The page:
Learning to be a Professional: Bridging the Gap in Teacher Education Practice

Rebecca H Miles, Stephanie Garoni, Sally Knipe

Research output: Chapter in Book/Report/Conference proceedingChapterpeer-review


The aim of this chapter was to discuss the findings of a research project that examines the perspectives of graduate teachers, and their school principals/supervisors, regarding the benefits of the professional attachment as an effective model for bridging the gap between preservice teacher preparation and beginning teaching. This professional experience model for postgraduate initial teacher education provides for 60 days of mandatory professional experience across the first 18 months (equivalent) of the course, while the final 6 months of the course is undertaken through a professional attachment of 45 days in school, while implementing a participatory action research project investigating teaching impact on student learning. The teaching candidate assumes responsibility as a classroom teacher with a reduced teaching load, supported by the school as well as the University. The findings from this study indicate that the professional attachment is a very effective model to support graduate teachers as they transition to the profession.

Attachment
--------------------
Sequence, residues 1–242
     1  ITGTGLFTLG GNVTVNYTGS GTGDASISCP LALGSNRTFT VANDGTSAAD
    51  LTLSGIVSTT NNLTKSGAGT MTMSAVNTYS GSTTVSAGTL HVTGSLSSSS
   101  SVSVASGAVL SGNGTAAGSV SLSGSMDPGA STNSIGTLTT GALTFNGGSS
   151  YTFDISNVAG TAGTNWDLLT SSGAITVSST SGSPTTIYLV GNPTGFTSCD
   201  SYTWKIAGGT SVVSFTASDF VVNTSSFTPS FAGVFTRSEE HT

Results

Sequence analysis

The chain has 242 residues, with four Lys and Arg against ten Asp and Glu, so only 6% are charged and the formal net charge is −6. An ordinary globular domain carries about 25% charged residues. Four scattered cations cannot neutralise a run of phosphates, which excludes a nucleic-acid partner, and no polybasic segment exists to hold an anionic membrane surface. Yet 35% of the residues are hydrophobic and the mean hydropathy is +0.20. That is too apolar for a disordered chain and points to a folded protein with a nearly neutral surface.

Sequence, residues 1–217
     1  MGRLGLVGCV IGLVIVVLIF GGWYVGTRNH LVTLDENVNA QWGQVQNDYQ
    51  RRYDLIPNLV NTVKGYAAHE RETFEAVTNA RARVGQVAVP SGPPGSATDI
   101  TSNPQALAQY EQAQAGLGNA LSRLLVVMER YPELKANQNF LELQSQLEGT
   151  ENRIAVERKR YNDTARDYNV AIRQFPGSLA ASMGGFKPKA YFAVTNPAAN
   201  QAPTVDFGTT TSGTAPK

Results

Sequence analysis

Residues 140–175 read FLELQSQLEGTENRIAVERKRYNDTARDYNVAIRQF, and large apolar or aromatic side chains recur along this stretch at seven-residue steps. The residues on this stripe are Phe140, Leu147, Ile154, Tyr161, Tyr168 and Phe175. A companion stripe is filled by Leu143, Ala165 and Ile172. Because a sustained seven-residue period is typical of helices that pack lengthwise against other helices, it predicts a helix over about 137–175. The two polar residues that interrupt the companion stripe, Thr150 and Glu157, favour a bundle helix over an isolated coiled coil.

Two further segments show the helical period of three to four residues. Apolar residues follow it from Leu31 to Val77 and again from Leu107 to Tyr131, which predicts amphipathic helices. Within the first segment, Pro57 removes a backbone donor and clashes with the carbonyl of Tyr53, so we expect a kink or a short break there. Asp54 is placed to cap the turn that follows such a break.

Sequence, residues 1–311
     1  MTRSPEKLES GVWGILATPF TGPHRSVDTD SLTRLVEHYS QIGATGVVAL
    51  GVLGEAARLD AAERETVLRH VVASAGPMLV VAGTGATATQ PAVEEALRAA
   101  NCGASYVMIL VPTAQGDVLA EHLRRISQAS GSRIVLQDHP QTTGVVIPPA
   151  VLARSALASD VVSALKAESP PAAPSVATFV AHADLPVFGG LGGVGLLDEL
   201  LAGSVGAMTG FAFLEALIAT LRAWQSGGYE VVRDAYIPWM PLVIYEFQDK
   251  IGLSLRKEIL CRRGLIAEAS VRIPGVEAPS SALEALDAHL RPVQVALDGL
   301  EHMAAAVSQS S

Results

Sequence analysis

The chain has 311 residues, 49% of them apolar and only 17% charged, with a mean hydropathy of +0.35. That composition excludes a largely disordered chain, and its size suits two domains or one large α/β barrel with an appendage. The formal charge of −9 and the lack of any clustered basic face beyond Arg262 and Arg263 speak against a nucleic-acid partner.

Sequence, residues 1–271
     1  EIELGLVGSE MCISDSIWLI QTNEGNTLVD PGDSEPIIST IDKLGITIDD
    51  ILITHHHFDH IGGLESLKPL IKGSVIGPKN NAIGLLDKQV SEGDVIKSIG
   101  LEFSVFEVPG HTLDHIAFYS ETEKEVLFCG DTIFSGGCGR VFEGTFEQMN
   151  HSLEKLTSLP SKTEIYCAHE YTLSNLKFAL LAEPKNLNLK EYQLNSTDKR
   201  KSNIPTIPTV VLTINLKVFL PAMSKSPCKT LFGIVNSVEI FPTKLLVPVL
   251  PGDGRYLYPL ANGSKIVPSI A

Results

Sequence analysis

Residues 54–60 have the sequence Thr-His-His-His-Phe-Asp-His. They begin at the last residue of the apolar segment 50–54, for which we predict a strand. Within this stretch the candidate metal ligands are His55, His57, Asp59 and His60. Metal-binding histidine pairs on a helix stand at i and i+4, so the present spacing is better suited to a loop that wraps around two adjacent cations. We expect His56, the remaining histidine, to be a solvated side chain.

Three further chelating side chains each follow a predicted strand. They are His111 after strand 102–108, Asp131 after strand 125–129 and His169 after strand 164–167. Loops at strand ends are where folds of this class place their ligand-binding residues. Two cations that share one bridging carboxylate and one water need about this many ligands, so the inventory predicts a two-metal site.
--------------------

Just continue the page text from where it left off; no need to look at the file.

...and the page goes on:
Original languageEnglish
Title of host publicationProfessionalism and Teacher Education
Subtitle of host publicationVoices from Policy and Practice
EditorsAmanda Gutierrez, Jillian Fox, Colette Alexander
Place of PublicationSingapore
PublisherSpringer Singapore
Number of pages17
ISBN (Electronic)978-981-13-7002-1
ISBN (Print)978-981-13-7001-4
Publication statusPublished - May 2019
Externally publishedYes


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